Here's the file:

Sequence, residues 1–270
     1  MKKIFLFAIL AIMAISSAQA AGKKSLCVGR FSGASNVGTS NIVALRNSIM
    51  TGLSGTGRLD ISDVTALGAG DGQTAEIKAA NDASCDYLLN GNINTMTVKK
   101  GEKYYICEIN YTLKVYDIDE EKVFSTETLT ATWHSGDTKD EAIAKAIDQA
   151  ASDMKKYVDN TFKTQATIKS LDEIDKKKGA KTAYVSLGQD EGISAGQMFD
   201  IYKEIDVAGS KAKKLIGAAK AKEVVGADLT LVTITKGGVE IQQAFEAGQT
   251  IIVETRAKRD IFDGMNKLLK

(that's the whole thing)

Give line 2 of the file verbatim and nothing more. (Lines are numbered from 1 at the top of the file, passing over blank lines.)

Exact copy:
     1  MKKIFLFAIL AIMAISSAQA AGKKSLCVGR FSGASNVGTS NIVALRNSIM